The Brian Clough Stand was built in 1980 with the two-tiered stand once being known as the Executive Stand, before it was renamed in honour of the club’s legendary manager. Opposite that stand is the Main Stand, which was built in the 60s; the name seems quite ironic now, as it appears a long way from being ‘Main’ with it looking small and drab next to the three others surrounding it. Particularly shiny looking is the Trent End, which, as mentioned earlier, is located, unsurprisingly, right next to the Trent. This is the newest stand in the ground and arguably the most eye-catching purely for its location. The stand was built so that the City Ground could host games for Euro 96 with its completion bolstering the ground’s capacity to just over 30,000.
With the sun lurking in the background on a fairly cold City Ground, the teams emerged on to the pitch with Forest in their famous red kits and Yeovil in their green and white stripes. Forest started the game the better team as they went all out attack. Even from the early stages, I was very impressed with their young striker Jamie Paterson, who had made headlines recently by scoring a hatrick v West Ham in the FA Cup. I was not surprised to see him play a part in the first goal as he knocked the ball past the Yeovil goalie before his low shot was turned in by Yeovil’s Byron Webster into his own net. 1-0 to Forest.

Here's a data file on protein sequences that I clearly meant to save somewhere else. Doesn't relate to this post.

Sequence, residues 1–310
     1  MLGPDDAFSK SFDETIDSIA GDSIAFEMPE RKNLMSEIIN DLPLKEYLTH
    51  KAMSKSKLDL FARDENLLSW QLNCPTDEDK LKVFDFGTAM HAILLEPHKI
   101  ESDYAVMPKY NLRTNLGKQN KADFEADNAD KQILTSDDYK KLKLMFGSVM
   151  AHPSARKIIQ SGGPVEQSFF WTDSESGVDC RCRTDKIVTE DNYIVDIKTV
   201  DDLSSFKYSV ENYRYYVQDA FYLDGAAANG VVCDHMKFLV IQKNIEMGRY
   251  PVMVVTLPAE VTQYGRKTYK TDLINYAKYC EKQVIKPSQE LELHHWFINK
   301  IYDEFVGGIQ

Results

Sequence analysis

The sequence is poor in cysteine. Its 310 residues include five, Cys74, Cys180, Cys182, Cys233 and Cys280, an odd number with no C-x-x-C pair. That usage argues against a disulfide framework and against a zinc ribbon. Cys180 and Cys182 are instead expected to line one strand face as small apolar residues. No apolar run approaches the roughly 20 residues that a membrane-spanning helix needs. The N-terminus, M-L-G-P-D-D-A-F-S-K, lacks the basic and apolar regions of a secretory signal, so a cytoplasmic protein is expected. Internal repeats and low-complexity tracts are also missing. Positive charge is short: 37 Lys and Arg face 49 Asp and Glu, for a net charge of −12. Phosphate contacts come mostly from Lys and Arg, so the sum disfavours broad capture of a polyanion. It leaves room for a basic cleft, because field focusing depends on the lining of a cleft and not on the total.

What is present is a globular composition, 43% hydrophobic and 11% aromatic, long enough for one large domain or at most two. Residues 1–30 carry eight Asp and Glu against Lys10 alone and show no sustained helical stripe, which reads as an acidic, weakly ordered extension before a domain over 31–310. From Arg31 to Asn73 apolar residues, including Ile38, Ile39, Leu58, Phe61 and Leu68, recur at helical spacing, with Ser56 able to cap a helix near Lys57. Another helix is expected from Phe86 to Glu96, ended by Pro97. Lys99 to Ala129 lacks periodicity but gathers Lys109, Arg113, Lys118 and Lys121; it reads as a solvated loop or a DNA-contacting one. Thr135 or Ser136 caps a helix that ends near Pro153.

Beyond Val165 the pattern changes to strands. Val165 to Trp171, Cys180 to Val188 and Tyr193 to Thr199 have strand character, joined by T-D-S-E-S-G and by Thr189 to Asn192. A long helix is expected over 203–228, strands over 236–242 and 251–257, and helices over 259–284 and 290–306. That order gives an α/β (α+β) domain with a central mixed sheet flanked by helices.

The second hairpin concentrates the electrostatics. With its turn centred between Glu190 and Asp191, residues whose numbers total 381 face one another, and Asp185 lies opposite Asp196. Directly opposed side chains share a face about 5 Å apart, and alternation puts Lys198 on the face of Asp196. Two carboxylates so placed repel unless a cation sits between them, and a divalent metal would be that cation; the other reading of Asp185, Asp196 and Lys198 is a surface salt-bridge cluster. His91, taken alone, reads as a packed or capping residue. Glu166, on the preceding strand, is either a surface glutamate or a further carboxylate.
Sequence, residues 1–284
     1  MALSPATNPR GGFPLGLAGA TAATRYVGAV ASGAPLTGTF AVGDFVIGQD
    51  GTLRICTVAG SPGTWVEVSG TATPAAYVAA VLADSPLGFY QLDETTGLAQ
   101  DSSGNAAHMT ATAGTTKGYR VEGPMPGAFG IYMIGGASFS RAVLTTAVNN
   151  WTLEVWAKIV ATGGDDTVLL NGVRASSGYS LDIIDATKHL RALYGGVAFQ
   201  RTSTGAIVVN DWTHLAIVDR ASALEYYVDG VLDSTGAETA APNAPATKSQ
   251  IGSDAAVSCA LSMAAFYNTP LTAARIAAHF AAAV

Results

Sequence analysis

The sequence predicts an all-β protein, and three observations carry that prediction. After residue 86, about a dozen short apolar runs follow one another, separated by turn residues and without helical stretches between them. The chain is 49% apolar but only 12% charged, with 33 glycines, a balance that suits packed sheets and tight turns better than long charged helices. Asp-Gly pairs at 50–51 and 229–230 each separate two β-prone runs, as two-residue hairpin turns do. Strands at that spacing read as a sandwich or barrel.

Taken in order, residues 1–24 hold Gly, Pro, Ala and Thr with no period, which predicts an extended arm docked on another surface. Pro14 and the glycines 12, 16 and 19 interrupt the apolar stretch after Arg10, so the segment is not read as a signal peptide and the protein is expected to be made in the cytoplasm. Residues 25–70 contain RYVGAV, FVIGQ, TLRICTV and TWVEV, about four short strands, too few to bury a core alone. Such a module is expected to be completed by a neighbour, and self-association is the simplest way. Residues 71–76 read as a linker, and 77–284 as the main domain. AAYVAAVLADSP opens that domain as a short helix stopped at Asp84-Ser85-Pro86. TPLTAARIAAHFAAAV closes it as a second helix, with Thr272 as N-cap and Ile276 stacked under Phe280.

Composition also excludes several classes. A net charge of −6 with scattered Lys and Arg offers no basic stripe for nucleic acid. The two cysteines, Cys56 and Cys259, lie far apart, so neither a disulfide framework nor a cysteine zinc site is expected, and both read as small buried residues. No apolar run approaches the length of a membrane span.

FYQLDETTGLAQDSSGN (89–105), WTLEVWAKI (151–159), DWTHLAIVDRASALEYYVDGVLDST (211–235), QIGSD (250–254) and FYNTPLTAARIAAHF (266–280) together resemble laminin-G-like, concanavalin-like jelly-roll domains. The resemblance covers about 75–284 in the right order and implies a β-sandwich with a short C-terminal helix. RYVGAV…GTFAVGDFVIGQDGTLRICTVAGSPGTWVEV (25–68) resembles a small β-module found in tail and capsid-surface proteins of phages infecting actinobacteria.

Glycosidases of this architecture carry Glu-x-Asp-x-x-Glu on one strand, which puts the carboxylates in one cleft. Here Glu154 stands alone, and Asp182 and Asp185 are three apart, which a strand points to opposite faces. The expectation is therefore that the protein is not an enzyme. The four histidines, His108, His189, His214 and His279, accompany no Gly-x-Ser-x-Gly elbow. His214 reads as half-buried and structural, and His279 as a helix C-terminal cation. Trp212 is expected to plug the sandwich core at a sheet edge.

As I chatted to Radek throughout the first half, I was also engaged in conversation by a young Forest fan who had been coached by Radek. James, along with his Dad after playing football for one of Forest’s junior teams in Birmingham that day, became curious as to why a Welshman who supports Swansea had ended up in the stands at Forest and having explained the blog to him, I said I’d give him a shout out in case he becomes Forest’s next big thing: so remember the name James Sturridge folks.
After a great start, Forest had lowered the pace a bit and soon enough Yeovil were clawing themselves back into the game. The away team grabbed a goal 9 minutes after Forest had taken the lead through a Keiffer Moore header, as the striker got ahead of the onrushing Forest keeper Karl Darlow to convert Jamie McAllister’s cross.
The game died down after the equaliser, but it was still enjoyable to watch excellent showings from young Paterson and Henri Lansbury, who still looked like he could do a job in the Premier League. However, despite struggling to create much, Forest retook the lead as Simon Cox finished from close range after a low cross from Jamie Mackie.
Half time: Nottingham Forest 1-1 Yeovil.
“I’m off mate,” came the voice by the side of me. Amazingly, after getting me into the ground for free, Radek had seen enough and decided to head home. Or maybe he had just had enough of me talking to him about the game and football in general in the first half. What a legend that guy is though! A true Lost Boyos hero. Everybody should lavish praise on him on Twitter (@ArniSilesia).
The second half started the same as the first with Forest driving constantly at the Yeovil goal. Lansbury and Paterson continued to impress with the former coming close with a powerful shot which was saved by Marek Stech, before Paterson hit the woodwork with a shot of his own.